New chemical hygiene officer position ensures safety

Courtesy of Maria Bianco

Lyndsie Yamrus, Staff Writer

A new position was recently created and filled aiming at the safe handling of dangerous materials.
Late last August, Provost and Chief Academic Officer Reynold Verret and University Safety Officer James Lennox appointed Maria Bianco to the new role of university chemical hygiene officer.
Maria Bianco is also the university’s chemistry lab manager, with responsibilities that include inventory, classification, storage and disposal of chemicals in the Stark Learning Center chemistry laboratories. It is also her duty to ensure that all laboratory safety procedures are being followed.
The newly-developed Chemical Hygiene Planning model that Bianco will be working on will extend into all academic departments that handle chemicals and hazardous materials.
“All departments will have the same format to make the process easier,” Bianco said.
Bianco said that the plan is completed, and preparation of the new inventory has begun. The model includes new procedures and guidelines for chemical procurement, inventory management and disposal.
Bianco’s responsibilities will include cataloging the chemicals with bar code labels and uploading them from each department by scanning the codes into a central database. This process will allow Bianco to know the exact location and amount of each chemical in the building.
The database will allow the university to be more in control of the materials to ensure the highest level of safety for its students.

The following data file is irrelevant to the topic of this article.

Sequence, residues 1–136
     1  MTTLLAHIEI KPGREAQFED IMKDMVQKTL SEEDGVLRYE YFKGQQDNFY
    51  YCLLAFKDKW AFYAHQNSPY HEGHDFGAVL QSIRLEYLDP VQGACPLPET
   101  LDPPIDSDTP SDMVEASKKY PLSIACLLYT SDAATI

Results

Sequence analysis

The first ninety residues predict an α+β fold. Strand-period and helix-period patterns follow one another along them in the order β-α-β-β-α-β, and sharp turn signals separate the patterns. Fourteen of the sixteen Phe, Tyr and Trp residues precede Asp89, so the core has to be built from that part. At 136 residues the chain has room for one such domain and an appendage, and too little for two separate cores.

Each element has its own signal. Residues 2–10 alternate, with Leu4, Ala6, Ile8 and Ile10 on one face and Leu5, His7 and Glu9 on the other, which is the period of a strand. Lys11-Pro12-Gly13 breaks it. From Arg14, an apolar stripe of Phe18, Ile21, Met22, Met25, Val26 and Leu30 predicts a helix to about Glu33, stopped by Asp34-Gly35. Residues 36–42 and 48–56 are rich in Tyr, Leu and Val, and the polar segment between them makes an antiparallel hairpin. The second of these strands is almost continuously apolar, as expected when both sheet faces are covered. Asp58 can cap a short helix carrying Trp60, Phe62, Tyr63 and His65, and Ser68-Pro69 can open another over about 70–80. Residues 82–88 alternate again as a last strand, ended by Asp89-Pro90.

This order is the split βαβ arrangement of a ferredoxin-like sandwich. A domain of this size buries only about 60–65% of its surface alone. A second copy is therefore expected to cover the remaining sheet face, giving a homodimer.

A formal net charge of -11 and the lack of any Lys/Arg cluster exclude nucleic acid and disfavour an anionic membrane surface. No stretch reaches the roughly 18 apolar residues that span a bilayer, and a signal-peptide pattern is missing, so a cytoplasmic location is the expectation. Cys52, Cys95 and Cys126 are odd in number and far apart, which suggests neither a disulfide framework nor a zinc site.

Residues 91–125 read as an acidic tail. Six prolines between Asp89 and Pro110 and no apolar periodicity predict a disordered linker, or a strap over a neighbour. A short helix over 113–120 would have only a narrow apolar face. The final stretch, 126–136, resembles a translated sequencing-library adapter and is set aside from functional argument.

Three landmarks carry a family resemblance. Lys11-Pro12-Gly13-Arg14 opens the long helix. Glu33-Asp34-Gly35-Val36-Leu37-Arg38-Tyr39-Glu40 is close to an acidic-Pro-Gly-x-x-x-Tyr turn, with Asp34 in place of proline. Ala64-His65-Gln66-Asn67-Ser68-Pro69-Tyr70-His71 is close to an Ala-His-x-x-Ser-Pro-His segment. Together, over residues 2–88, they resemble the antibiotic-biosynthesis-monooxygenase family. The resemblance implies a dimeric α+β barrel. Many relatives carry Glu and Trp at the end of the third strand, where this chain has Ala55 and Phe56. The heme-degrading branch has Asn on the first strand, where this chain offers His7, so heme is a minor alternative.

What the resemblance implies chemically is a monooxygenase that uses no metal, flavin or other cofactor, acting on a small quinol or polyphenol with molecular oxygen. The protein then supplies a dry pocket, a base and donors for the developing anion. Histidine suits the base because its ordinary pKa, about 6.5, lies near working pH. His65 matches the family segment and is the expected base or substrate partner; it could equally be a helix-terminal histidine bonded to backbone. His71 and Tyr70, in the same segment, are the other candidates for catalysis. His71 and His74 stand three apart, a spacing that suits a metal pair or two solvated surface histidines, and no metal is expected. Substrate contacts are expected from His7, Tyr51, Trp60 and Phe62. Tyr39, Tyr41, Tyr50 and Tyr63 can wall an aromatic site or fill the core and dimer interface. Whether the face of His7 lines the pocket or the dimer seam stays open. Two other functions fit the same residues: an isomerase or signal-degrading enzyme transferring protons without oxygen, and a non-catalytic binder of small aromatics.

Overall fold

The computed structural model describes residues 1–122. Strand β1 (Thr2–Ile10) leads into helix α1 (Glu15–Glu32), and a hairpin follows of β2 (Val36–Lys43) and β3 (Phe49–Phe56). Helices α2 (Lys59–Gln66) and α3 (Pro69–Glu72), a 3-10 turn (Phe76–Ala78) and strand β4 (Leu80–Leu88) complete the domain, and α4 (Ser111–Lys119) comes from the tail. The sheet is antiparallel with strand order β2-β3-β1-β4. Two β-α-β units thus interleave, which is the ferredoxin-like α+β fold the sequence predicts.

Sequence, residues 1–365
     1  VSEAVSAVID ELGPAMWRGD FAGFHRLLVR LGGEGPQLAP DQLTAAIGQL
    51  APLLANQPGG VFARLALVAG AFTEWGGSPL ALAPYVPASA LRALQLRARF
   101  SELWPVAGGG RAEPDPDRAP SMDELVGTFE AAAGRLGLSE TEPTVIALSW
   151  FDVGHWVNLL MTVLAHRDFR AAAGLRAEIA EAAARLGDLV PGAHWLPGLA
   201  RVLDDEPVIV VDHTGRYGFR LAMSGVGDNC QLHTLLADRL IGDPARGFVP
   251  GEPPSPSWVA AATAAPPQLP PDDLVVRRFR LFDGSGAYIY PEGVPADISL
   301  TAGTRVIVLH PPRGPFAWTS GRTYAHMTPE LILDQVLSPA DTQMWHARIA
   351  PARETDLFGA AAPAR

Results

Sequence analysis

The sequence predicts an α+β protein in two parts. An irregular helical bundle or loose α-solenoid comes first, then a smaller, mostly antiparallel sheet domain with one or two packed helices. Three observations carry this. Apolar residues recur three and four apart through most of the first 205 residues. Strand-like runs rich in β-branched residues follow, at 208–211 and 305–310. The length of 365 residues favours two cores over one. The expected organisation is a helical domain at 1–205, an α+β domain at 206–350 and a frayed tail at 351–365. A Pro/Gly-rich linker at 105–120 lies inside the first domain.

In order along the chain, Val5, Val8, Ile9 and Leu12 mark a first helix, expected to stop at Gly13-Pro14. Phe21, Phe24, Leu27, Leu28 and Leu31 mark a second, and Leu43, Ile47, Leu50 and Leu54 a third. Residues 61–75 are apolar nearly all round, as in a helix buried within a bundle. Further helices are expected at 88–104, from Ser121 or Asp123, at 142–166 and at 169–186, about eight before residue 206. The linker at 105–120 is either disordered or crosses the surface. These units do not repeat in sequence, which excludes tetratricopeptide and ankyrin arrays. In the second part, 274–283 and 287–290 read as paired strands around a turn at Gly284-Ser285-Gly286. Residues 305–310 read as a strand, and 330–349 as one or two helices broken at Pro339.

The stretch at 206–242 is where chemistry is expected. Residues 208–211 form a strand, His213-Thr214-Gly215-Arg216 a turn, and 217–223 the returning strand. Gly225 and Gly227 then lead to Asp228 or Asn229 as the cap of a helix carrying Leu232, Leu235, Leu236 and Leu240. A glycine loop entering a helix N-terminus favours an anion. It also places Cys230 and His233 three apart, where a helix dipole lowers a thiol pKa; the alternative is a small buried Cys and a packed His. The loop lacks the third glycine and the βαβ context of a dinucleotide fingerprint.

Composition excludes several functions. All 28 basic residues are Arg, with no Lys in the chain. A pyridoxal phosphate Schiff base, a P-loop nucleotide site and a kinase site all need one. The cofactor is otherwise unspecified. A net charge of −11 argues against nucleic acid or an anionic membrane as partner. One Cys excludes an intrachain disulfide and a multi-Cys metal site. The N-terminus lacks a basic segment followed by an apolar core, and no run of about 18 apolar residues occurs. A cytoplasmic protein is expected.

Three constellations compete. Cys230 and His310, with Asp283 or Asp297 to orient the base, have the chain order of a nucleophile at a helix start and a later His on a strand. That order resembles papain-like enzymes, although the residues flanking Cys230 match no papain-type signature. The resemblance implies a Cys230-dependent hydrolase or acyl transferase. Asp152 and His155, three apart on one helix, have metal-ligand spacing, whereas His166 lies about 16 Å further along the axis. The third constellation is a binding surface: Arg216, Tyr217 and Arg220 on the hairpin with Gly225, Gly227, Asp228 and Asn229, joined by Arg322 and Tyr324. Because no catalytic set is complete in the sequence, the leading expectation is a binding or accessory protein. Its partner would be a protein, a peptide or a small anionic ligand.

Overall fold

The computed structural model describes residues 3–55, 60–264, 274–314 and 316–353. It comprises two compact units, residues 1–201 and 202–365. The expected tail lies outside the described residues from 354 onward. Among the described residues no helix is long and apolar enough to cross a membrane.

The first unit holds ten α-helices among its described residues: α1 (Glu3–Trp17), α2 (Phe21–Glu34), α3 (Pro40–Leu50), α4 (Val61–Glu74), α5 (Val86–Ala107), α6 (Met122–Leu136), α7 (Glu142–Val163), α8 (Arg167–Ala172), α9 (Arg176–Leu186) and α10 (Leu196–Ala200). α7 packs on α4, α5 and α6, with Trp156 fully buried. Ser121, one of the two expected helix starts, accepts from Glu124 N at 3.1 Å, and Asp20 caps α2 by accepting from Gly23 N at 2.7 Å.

Bianco said that chemicals must be handled properly “from cradle to grave” and that chemical management is an important responsibility.
Verret explained that it is important to know what materials are inside the building, especially in an emergency case that would require the fire department or hazardous materials team. Centralizing the process will save money and time, which is a large advantage of the model.
Upon completion of the database, each department will be able to search for and transfer chemicals to and from other departments as they are needed. This sharing of resources reduces the amount of chemicals in need of both purchase and disposal, which can get costly.
Bianco was chosen for this role because she is well known in the chemistry department and has the knowledge necessary to successfully execute the responsibility.
“She has the expertise,” Verret said, adding that Bianco is representing the university in this aspect of safety by guiding each department in the use and control of dangerous materials.
Bianco is working with Lennox and the Environmental Health and Safety Committee on the Chemical Hygiene Planning model.